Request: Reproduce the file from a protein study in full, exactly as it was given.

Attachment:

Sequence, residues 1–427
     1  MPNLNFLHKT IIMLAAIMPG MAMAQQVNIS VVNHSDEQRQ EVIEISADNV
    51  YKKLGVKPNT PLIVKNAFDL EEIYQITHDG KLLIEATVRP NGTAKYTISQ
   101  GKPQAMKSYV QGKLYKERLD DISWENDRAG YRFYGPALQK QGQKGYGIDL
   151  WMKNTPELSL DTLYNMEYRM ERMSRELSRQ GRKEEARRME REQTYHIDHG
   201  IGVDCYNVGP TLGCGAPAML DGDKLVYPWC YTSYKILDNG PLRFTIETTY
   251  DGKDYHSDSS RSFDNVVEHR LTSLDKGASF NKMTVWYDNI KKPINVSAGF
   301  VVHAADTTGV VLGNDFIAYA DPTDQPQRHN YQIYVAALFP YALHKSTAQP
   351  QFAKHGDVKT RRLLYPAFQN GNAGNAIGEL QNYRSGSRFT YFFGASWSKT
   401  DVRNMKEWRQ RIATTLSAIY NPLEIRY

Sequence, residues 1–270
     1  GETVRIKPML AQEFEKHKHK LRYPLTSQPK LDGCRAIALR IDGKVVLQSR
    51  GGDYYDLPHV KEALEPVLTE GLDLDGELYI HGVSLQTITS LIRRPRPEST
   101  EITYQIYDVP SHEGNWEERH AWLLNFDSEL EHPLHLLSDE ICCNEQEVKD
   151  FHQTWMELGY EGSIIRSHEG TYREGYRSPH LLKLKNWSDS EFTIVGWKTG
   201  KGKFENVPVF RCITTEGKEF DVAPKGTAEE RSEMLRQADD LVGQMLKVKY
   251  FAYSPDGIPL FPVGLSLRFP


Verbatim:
Sequence, residues 1–427
     1  MPNLNFLHKT IIMLAAIMPG MAMAQQVNIS VVNHSDEQRQ EVIEISADNV
    51  YKKLGVKPNT PLIVKNAFDL EEIYQITHDG KLLIEATVRP NGTAKYTISQ
   101  GKPQAMKSYV QGKLYKERLD DISWENDRAG YRFYGPALQK QGQKGYGIDL
   151  WMKNTPELSL DTLYNMEYRM ERMSRELSRQ GRKEEARRME REQTYHIDHG
   201  IGVDCYNVGP TLGCGAPAML DGDKLVYPWC YTSYKILDNG PLRFTIETTY
   251  DGKDYHSDSS RSFDNVVEHR LTSLDKGASF NKMTVWYDNI KKPINVSAGF
   301  VVHAADTTGV VLGNDFIAYA DPTDQPQRHN YQIYVAALFP YALHKSTAQP
   351  QFAKHGDVKT RRLLYPAFQN GNAGNAIGEL QNYRSGSRFT YFFGASWSKT
   401  DVRNMKEWRQ RIATTLSAIY NPLEIRY

Sequence, residues 1–270
     1  GETVRIKPML AQEFEKHKHK LRYPLTSQPK LDGCRAIALR IDGKVVLQSR
    51  GGDYYDLPHV KEALEPVLTE GLDLDGELYI HGVSLQTITS LIRRPRPEST
   101  EITYQIYDVP SHEGNWEERH AWLLNFDSEL EHPLHLLSDE ICCNEQEVKD
   151  FHQTWMELGY EGSIIRSHEG TYREGYRSPH LLKLKNWSDS EFTIVGWKTG
   201  KGKFENVPVF RCITTEGKEF DVAPKGTAEE RSEMLRQADD LVGQMLKVKY
   251  FAYSPDGIPL FPVGLSLRFP